User Rank: Apprentice
3/13/2013 | 6:37:50 PM
re: China Hack Attacks: Play Offense Or Defense?
Why not direct these comments to the Republicans and the Chamber of Commerce, who opposed a bill in Congress that would have promoted a government/private sector partnership in this area.
Destroying Angel
Destroying Angel,
User Rank: Apprentice
3/13/2013 | 6:45:59 PM
re: China Hack Attacks: Play Offense Or Defense?
Shawn Henry is PART of the way there. The rest of the way involves congressionally bonded and licensed cyber privateers. The deterrence factor would cover not only cyberthieves but rogue governments as well. You want absolute proof that deterrence works? Notice how those zany pranksters at Anonymous backed down from attacking drug cartels. Maybe something about seeing body parts (theirs, their families', and their friends') scattered in public places made them reconsider.
User Rank: Apprentice
3/14/2013 | 4:38:51 AM
re: China Hack Attacks: Play Offense Or Defense?
I don't think it's one or the other. It's both at the same time. You should absolutely have the lasted patches, virus definitions, firewall defenses, etc. in place. That is a fundamental part of IT's job in any company. But there needs to be a much better offensive component as well. If there is no penalty for the attacker other than they just didn't get any data (because of good defenses), there is no deterrent for future attempts. We need specialized law enforcement groups that actively counter hack threats. I also like the idea in another comment of licensed privateers that are hired to go after specific targets.
User Rank: Apprentice
3/14/2013 | 4:42:57 PM
re: China Hack Attacks: Play Offense Or Defense?
Espionage is an older human profession and pasttime than prostitution. In fact, the Garden of Eden story is about a God spying on an Adam and Eve as they tried to hack the Tree of Knowledge!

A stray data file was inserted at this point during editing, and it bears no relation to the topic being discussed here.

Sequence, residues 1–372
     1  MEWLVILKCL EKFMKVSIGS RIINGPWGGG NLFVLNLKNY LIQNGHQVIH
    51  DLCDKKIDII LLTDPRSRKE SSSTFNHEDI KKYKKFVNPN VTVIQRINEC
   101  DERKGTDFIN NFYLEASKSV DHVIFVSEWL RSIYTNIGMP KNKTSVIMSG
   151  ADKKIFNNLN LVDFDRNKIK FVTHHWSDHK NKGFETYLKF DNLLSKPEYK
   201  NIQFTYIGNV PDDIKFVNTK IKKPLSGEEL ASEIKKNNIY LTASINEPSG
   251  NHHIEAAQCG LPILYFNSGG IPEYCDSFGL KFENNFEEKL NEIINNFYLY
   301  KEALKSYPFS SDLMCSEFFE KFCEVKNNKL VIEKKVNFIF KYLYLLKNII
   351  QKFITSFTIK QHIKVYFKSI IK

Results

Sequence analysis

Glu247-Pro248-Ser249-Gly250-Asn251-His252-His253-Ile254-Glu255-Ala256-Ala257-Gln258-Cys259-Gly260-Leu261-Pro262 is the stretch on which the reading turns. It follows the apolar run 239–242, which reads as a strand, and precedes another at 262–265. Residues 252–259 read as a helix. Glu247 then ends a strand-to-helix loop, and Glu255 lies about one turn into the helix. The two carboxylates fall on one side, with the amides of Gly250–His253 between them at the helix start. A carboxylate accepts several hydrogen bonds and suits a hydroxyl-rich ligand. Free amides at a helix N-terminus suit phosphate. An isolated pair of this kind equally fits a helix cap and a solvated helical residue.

And so, the distinction between offense and defense in this "game of life" is as relative and moot as the illusory distinction between good and evil itself. It all depends on viewpoint of the side you are presently playing for.
The simple premise is that if you have something worth protecting, you will have to protect it. And if you hire a CFO or a Guardian Angel that is stupid enough to follow a phishing link in an email, then you probably aren't very good at protection and you deserve to get hacked.
Page 1 / 2   >   >>

I Smell a RAT! New Cybersecurity Threats for the Crypto Industry
David Trepp, Partner, IT Assurance with accounting and advisory firm BPM LLP,  7/9/2021
Attacks on Kaseya Servers Led to Ransomware in Less Than 2 Hours
Robert Lemos, Contributing Writer,  7/7/2021
It's in the Game (but It Shouldn't Be)
Tal Memran, Cybersecurity Expert, CYE,  7/9/2021
Register for Dark Reading Newsletters
White Papers
Current Issue
How Machine Learning, AI & Deep Learning Improve Cybersecurity
Machine intelligence is influencing all aspects of cybersecurity. Organizations are implementing AI-based security to analyze event data using ML models that identify attack patterns and increase automation. Before security teams can take advantage of AI and ML tools, they need to know what is possible. This report covers: -How to assess the vendor's AI/ML claims -Defining success criteria for AI/ML implementations -Challenges when implementing AI
Flash Poll
Twitter Feed
Dark Reading - Bug Report
Bug Report
Enterprise Vulnerabilities
From DHS/US-CERT's National Vulnerability Database
PUBLISHED: 2022-10-02
In FasterXML jackson-databind before 2.14.0-rc1, resource exhaustion can occur because of a lack of a check in primitive value deserializers to avoid deep wrapper array nesting, when the UNWRAP_SINGLE_VALUE_ARRAYS feature is enabled.
PUBLISHED: 2022-10-02
In FasterXML jackson-databind before 2.13.4, resource exhaustion can occur because of a lack of a check in BeanDeserializer._deserializeFromArray to prevent use of deeply nested arrays. An application is vulnerable only with certain customized choices for deserialization.
PUBLISHED: 2022-10-01
SonicJS through 0.6.0 allows file overwrite. It has the following mutations that are used for updating files: fileCreate and fileUpdate. Both of these mutations can be called without any authentication to overwrite any files on a SonicJS application, leading to Arbitrary File Write and Delete.
PUBLISHED: 2022-09-30
### Impact In a CSRF attack, an innocent end user is tricked by an attacker into submitting a web request that they did not intend. This may cause actions to be performed on the website that can include inadvertent client or server data leakage, change of session state, or manipulation of an end use...
PUBLISHED: 2022-09-30
Dell Hybrid Client prior to version 1.8 contains a Regular Expression Denial of Service Vulnerability in the UI. An adversary with WMS group admin access could potentially exploit this vulnerability, leading to temporary denial-of-service.